Last week, my sister and I took a bunch of kids on a last big carefree holiday before the oldest ones start school in September. Out of both necessity (we needed a place that we could all reach comfortably by train) and a bout of nostalgia, we decided on a sleepy little town in Brandenburg. Situated only half an hour east of Berlin, it’s a convenient weekend getaway for the city folk, but during the week you are able to relive the long, sunny countryside holidays of your childhood, which is exactly what we wanted to share with the kids.
For the grown-ups, the week brought a mix of general reminiscence and a very specific breed of nostalgia that has arisen in the aftermath of the German reunification. “Ostalgie” (East-algia) is a broad term that covers the positive side of the muddled relationship people from Eastern Germany have with their past. After the events around the fall of the Berlin Wall and the first years of newfound freedom and the influx of all things Western and Good, people started to realize that within a few months in 1989, nearly everything they had known had simply ceased to exist. Everyone suddenly had a West German passport, new money, new shops, new foods, new leaders and new holiday destinations. Whereas people in the West had a past, East Germans now had a Past, this big historical chunk that filled books and television documentaries, something that people had “survived” rather than lived and breathed. Ostalgie filled that void. Traditional Eastern foodstuff was resurrected and put back on East German shelves, and later on Western shelves too, for the more than two million of economic migrants now living in the West. People in Berlin suddenly went crazy for the furniture they had always laughed at in their grandparents’ flats. Movies like Goodbye Lenin became enormous success stories. Not everything about such nostalgia is bright and cheery, though. There is a worryingly large part of the East German population that openly calls for the return of the old system, which, let’s not forget, kept an entire population in all its aspects under strict control and surveillance.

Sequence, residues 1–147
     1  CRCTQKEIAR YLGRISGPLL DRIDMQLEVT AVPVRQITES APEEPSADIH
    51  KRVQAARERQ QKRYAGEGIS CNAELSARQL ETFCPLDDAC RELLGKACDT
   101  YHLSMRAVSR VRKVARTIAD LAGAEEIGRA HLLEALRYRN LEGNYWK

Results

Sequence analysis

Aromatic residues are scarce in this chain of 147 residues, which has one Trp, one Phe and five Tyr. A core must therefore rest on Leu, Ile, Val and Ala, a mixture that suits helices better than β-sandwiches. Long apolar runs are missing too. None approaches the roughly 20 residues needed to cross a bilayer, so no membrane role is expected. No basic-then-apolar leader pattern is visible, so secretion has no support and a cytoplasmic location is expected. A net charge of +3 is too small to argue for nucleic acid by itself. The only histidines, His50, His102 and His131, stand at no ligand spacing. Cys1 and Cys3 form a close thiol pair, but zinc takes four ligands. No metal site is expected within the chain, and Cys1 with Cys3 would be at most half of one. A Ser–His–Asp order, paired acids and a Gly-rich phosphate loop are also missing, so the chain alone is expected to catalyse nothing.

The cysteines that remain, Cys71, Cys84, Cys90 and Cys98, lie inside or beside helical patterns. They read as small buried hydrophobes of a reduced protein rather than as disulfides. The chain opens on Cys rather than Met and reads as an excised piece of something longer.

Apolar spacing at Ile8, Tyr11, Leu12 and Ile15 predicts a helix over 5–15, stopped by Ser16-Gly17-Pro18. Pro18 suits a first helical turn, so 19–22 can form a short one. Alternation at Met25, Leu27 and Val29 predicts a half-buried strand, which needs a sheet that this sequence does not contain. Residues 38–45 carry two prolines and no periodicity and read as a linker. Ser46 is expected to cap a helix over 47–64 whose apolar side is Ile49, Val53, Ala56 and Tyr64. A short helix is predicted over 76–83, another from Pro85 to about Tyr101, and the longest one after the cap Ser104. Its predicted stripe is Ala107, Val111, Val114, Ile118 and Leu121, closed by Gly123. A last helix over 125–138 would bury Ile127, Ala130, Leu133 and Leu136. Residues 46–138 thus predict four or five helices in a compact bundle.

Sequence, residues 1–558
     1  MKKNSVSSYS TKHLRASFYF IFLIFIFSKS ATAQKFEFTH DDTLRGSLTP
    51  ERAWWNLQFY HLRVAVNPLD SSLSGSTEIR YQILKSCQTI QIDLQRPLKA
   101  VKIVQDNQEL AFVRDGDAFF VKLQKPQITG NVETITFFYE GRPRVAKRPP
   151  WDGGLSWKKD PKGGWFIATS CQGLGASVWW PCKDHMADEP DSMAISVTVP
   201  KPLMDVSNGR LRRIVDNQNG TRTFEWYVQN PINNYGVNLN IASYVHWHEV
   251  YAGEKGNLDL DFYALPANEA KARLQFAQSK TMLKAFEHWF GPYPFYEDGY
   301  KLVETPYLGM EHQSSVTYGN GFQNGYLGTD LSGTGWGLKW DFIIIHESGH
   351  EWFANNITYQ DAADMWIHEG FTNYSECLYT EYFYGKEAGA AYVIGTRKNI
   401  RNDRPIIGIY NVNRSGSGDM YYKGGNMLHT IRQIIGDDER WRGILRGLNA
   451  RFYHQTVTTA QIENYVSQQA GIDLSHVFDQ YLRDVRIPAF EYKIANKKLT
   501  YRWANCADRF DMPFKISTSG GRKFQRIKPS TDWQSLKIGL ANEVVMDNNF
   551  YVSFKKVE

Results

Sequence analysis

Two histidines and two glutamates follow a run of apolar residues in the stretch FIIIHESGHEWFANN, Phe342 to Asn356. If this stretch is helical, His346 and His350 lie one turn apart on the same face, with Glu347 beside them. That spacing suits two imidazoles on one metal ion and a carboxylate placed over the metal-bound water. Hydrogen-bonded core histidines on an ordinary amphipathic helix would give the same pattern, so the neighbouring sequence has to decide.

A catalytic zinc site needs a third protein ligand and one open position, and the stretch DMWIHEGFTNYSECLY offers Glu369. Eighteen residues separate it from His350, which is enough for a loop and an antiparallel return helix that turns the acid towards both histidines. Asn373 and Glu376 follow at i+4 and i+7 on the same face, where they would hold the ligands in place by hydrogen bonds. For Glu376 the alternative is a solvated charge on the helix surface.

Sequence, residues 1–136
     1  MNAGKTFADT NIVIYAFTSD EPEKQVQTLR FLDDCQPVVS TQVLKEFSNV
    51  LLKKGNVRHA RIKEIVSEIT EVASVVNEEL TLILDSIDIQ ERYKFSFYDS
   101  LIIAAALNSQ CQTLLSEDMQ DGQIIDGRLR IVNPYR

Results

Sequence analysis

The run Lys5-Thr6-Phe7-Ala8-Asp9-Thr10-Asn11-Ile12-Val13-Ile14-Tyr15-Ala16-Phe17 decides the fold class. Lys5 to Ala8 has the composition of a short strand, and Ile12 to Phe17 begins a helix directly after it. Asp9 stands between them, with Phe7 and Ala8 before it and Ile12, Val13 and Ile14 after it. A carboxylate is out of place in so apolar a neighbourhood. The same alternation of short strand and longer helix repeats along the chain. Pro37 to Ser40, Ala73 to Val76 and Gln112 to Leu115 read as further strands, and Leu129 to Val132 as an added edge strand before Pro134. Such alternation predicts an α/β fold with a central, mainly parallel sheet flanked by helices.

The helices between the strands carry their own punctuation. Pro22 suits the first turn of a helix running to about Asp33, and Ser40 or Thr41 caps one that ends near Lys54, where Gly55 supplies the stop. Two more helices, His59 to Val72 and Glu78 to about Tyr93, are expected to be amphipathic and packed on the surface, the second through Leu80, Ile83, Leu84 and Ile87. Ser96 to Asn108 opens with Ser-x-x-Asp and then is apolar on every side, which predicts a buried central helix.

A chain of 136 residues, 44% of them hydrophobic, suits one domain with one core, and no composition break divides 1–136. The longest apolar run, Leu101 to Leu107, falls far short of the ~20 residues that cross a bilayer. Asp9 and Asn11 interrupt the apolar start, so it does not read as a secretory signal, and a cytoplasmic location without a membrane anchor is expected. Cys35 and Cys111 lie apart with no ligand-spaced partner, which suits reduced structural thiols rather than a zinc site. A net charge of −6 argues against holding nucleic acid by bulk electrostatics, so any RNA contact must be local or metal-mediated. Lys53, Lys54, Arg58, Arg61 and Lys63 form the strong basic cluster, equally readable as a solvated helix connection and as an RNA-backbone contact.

But last week, we focused on the fun bits.
It was surprisingly easy to keep the theme. We ate Soljanka and SÃ¼lze, both favourites of GDR cuisine, followed by vanilla ice cream sandwiches. We marveled at the interior of our holiday cottage.
We walked around lakes and up hills, enjoying the scenery. It really is a beautiful place, perfectly balanced and understated. The kids loved splashing in the water, climbing up rocks, playing with sticks and watching dragonflies hatch on the sandy lake shore. There isn’t much to do for adults in terms of “fun.” but when the sun is shining, you really don’t need anything but a bench from which you can watch the world go by.
Speaking of which… As you can tell from the interior picture above, we clearly went for the cheapest accommodation around, not the most modern or comfortable. But this place in the aptly named LindenstraÃŸe (it shares its name with Germany’s longest-running soap opera) provided the authenticity that Ostalgie doesn’t care for. Our host has a sizeable property and a big heart. Not only does he let cheap holiday accommodation, he is also putting up people down on their luck, often for free or without hope of payment. He houses Polish seasonal workers in a separate building and helps the neighbours get to town in his car. Because of this, the grounds were full of people all week. At first we were reluctant to make contact with the often strange-looking characters, but in the end, everyone turned out to be friendly, if slightly odd. Our direct neighbour lost his flat when the building he lived in was deemed unfit for habitation. He has now lived in one of the cottages for six years, inheriting a cat whose food has attracted most of the town’s strays by now. The kids, needless to say, loved their furry neighbours. The Poles were always ready to help and share a drink. The landlord drove us to the shops and ferried our heavy bags around more than once. And the most memorable guest was a guy who spends the summer months in the countryside doing odd jobs, retiring to Berlin in the winter to do IT work. He came over to cut the grass around the cottages with big, noisy, manly machinery, managing to interrupt every single meal we had outside, and was more than willing to chat (he sat down on the dinner table the first night within seconds of arriving). It turned out he had quite the motorbike collection, and he impressed the kids with a miniature bike he had restored himself.
We had envisaged none of this when we booked our holidays, but in the end we had an enjoyable, if slightly bizarre, stay full of memories, encounters and”¦ cats. And while I’m usually the first to find fault with Germany, I cannot stress enough how beautiful Brandenburg is. The whole of East Germany, actually. Don’t bother with the West, it always rains there. Go East.